previous next
[290] their overwhelming numbers, the mob could not withstand this onset of a disciplined force. Step by step, they were driven back three blocks. By the time Forty-sixth street was reached, however, Sergeant McCredie's little band was thoroughly exhausted. The expected reinforcements did not arrive. A large body of rioters, who had slipped out of the way into Forty-fifth street, seeing the paltry number of police before whom they were retreating, emerged again into the avenue, in rear of the latter, thus hemming them in on every side. Fighting was no longer in the question. The brave little force broke and fled, every man seeking his own safety, and all eventually escaped, though nearly every one of the party was severely beaten and wounded. This first triumph of the mob was achieved about noon. The excitement had spread rapidly through the city, and at that hour Third avenue, from the Cooper Institute to Forty-sixth street, was black with human beings-the sidewalks, housetops and windows being all crowded with rioters, or spectators. It was estimated that fifty thousand persons were thus congregated within the stretch of thirty blocks along the avenue.

The attention of the mob having been drawn away in the manner related from the building they had set on fire, the firemen succeeded in subduing the flames, after four houses had been burned to the ground. It is deserving of notice that, while these terrible scenes were being enacted in the Ninth district, the draft in the Eighth district, at 1190 Broadway, under Captain Manierre, was going on without molestation. It was adjourned at noon, and the policemen in attendance hastened to the aid of their comrades on the east side. In the meantime the work of destruction progressed, but in an irregular and desultory manner, clearly indicating the absence of previous arrangement. The news of the uprising, as it spread through those portions of the city where the low Irish dwelt, stirred up the dregs of the population, and they came thronging forth in great numbers, so that at almost every turn a mob was discernible. Splitting up into several sections, as different objects attracted them, they would rejoin and separate without apparently any concert of action. A shout and a cry in one direction would call off a throng, while a similar shout in another direction would attract a portion thither. The armory, at the corner of Second avenue and Twenty-first street, was captured from the police detailed to hold it, and the rioters, after arming themselves, destroyed all the material they could not carry away. Several of the attacking party were killed in this encounter. One detachment started for Captain Manierre's drafting office, at the corner of Broadway and Twentyninth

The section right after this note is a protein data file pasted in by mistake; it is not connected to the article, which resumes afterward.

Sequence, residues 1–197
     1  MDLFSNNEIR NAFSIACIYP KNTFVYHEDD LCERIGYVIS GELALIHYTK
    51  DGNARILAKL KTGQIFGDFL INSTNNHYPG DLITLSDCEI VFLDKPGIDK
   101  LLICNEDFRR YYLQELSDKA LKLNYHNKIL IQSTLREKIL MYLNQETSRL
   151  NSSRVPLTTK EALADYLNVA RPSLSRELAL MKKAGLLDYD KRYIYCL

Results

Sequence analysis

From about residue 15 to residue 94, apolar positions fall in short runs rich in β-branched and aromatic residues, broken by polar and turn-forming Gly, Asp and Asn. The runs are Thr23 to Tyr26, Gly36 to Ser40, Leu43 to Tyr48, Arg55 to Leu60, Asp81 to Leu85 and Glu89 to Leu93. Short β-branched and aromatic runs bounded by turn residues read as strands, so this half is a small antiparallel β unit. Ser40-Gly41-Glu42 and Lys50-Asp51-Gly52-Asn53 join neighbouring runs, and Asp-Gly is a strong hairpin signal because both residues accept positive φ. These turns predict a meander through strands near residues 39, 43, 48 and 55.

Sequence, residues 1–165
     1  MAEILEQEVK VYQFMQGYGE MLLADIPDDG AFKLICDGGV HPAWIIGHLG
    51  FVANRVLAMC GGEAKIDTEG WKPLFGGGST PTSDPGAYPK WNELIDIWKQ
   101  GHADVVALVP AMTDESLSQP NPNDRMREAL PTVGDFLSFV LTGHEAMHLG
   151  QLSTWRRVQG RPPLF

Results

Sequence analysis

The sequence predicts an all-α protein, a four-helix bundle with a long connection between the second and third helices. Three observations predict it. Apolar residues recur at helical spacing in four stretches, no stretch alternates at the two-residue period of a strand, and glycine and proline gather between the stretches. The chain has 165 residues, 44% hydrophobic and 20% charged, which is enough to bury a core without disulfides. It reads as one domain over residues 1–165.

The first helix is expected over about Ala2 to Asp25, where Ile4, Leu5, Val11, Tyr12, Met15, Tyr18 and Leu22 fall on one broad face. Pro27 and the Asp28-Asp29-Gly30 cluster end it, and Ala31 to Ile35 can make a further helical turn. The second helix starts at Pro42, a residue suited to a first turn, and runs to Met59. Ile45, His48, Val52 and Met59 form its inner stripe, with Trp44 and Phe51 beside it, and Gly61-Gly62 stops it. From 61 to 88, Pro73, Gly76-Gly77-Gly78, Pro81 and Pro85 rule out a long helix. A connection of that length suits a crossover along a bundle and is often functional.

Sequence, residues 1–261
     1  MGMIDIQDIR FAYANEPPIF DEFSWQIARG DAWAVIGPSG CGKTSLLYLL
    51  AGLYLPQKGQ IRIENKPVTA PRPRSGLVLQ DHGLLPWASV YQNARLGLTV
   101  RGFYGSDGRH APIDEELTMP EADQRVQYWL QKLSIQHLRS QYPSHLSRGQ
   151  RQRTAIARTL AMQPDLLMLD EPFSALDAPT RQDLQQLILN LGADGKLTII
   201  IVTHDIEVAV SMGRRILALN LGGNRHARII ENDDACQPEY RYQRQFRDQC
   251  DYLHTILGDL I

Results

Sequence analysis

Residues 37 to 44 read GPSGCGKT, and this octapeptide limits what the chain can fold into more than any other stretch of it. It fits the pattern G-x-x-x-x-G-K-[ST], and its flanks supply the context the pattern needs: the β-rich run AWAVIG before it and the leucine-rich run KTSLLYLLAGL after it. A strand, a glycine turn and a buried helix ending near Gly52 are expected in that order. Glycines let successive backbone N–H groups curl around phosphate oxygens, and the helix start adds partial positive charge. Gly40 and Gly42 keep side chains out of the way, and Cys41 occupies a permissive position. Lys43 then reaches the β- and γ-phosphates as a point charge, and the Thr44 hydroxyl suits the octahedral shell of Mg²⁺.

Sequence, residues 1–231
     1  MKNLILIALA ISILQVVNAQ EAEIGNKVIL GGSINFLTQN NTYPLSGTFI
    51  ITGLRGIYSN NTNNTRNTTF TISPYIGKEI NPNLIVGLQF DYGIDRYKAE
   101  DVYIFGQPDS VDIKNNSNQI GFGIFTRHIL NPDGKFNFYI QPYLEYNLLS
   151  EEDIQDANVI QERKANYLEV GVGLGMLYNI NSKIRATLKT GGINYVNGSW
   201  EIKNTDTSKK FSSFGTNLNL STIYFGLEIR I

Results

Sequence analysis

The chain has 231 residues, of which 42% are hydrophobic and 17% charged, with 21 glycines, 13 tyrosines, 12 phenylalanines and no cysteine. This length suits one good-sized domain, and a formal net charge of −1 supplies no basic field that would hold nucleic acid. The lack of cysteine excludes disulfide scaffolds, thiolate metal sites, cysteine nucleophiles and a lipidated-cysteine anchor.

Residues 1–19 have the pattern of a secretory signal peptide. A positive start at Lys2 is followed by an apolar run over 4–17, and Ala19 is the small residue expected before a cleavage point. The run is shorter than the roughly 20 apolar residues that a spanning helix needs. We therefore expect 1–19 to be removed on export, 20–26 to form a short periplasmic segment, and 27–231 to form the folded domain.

Creative Commons License
This work is licensed under a Creative Commons Attribution-ShareAlike 3.0 United States License.

An XML version of this text is available for download, with the additional restriction that you offer Perseus any modifications you make. Perseus provides credit for all accepted changes, storing new additions in a versioning system.

hide Places (automatically extracted)

View a map of the most frequently mentioned places in this document.

Download Pleiades ancient places geospacial dataset for this text.

hide People (automatically extracted)
Sort people alphabetically, as they appear on the page, by frequency
Click on a person to search for him/her in this document.
Manierre (2)
McCredie (1)
Broadway (1)
hide Dates (automatically extracted)
Sort dates alphabetically, as they appear on the page, by frequency
Click on a date to search for it in this document.
1190 AD (1)
hide Display Preferences
Greek Display:
Arabic Display:
View by Default:
Browse Bar: